Biofuels for aviation

Biofuel is used in transportation, including aviation and shipping on a substantial level; both as the primary fuel source for transportation vehicles (light/ heavy-duty trucks, ships, airlines), and/ or as part of a biofuel-traditional fuel blend with gasoline and biofuel. Biofuel needs to be converted into liquefied natural gas (LNG) to be effectively used in the transportation sector. A couple of airlines, in particular, represent present use, and potentially expanded future use, of biofuel blends.

For years, airlines have experimented with biofuels, aiming to reduce both carbon emissions and their reliance on fossil fuels...several major carriers are planning larger-scale usage of biofuel in 2019 and 2020, including JetBlue Airways Corp.  United Continental Holdings Inc. said it would cut its carbon emissions by half [by using biofuels] compared to 2005 levels, by 2050, matching an industry target set by the International Air Transport Association.   FROM  -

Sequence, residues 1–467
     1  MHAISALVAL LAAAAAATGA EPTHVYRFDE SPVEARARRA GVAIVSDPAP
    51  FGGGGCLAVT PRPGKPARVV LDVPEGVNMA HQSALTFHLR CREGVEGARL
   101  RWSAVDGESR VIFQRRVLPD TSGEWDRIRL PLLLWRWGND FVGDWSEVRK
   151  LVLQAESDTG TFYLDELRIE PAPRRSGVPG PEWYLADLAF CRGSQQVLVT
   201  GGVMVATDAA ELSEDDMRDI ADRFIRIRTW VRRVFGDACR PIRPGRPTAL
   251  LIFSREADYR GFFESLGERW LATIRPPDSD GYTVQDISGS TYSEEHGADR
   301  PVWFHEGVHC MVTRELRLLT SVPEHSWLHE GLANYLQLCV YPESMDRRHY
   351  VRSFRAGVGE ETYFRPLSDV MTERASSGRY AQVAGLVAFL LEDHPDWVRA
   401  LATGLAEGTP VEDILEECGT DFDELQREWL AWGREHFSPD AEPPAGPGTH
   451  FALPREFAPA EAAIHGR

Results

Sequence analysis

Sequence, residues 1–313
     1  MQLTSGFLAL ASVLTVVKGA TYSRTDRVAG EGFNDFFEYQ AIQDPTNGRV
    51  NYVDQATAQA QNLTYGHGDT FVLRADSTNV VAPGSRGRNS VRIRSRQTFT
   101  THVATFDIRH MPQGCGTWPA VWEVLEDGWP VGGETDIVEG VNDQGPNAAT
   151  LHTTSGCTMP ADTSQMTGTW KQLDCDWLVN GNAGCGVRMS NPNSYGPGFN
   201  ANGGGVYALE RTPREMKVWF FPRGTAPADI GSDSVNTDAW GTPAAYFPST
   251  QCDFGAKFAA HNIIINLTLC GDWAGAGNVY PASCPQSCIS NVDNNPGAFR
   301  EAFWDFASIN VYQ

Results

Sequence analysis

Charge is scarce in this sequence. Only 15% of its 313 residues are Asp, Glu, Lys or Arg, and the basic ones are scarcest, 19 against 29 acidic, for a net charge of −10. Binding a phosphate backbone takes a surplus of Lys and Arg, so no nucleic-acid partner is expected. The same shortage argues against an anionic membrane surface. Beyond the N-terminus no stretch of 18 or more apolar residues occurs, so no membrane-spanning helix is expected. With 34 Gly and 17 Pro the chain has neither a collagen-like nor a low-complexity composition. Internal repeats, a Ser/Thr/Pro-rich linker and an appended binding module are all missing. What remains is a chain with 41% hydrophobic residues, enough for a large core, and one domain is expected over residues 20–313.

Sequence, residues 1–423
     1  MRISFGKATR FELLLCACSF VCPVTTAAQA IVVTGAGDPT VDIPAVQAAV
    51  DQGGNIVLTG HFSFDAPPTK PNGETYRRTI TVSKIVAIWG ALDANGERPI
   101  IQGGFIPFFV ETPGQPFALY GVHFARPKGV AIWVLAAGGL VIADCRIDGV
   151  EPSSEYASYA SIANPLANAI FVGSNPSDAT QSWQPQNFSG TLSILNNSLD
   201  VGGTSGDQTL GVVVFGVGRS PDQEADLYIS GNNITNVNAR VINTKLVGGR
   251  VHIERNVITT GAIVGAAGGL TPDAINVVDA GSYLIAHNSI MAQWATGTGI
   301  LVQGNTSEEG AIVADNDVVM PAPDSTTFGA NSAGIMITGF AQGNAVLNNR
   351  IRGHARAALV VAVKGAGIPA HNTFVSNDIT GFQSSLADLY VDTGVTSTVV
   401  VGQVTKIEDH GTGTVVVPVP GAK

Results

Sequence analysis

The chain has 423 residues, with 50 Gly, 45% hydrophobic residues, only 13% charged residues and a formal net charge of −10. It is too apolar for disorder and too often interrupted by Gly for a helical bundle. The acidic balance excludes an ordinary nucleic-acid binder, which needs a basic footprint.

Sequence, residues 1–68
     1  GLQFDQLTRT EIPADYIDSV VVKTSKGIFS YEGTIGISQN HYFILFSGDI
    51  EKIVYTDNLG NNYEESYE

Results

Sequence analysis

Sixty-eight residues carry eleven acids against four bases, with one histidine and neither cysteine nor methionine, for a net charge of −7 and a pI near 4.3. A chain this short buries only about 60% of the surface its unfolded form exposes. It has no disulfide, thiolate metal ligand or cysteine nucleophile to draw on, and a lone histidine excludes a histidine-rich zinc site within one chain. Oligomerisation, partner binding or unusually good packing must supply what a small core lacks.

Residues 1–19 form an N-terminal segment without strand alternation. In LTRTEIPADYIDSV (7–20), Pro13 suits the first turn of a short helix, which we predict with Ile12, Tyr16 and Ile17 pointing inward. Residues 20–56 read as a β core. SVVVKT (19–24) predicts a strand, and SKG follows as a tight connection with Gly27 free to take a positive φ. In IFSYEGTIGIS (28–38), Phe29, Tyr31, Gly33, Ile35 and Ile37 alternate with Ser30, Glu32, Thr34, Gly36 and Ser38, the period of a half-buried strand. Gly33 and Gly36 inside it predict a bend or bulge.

United Eco-skies
United Eco-skies

United Airlines uses the most biofuels in their airplanes of any airline; after Jet Blue helped to pioneer the use of aviation biofuels; as detailed in an article by Fast Company. From this same Fast Company article- '...biofuel blended jet fuel, with a carbon footprint smaller than regular jet fuel, but a comparable cost– is one way that the airline industry can begin to tackle its climate problem. By mid-century, like other industries, airlines will have to reach net zero emissions for the world to stay on track to meet the goals of the Paris climate agreement."

Is bioenergy a climate solution?

bioenergy vs. fossil fuels - CO2 emissions
bioenergy vs. fossil fuels - CO2 emissions